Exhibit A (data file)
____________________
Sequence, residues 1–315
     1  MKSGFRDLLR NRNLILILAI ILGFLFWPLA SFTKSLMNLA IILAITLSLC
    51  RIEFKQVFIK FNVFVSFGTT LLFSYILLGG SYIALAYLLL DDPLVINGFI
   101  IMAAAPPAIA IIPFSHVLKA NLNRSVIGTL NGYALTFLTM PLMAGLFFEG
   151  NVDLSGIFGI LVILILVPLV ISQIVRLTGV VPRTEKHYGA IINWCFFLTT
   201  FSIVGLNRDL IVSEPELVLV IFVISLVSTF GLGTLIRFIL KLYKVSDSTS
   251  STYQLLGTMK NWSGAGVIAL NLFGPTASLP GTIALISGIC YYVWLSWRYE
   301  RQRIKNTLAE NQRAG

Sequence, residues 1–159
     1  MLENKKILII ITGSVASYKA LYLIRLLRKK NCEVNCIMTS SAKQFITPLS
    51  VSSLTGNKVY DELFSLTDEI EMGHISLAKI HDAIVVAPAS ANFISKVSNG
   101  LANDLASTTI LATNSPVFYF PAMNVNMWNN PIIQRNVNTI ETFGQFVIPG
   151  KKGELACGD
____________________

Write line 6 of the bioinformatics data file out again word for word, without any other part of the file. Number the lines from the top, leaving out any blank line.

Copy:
   201  FSIVGLNRDL IVSEPELVLV IFVISLVSTF GLGTLIRFIL KLYKVSDSTS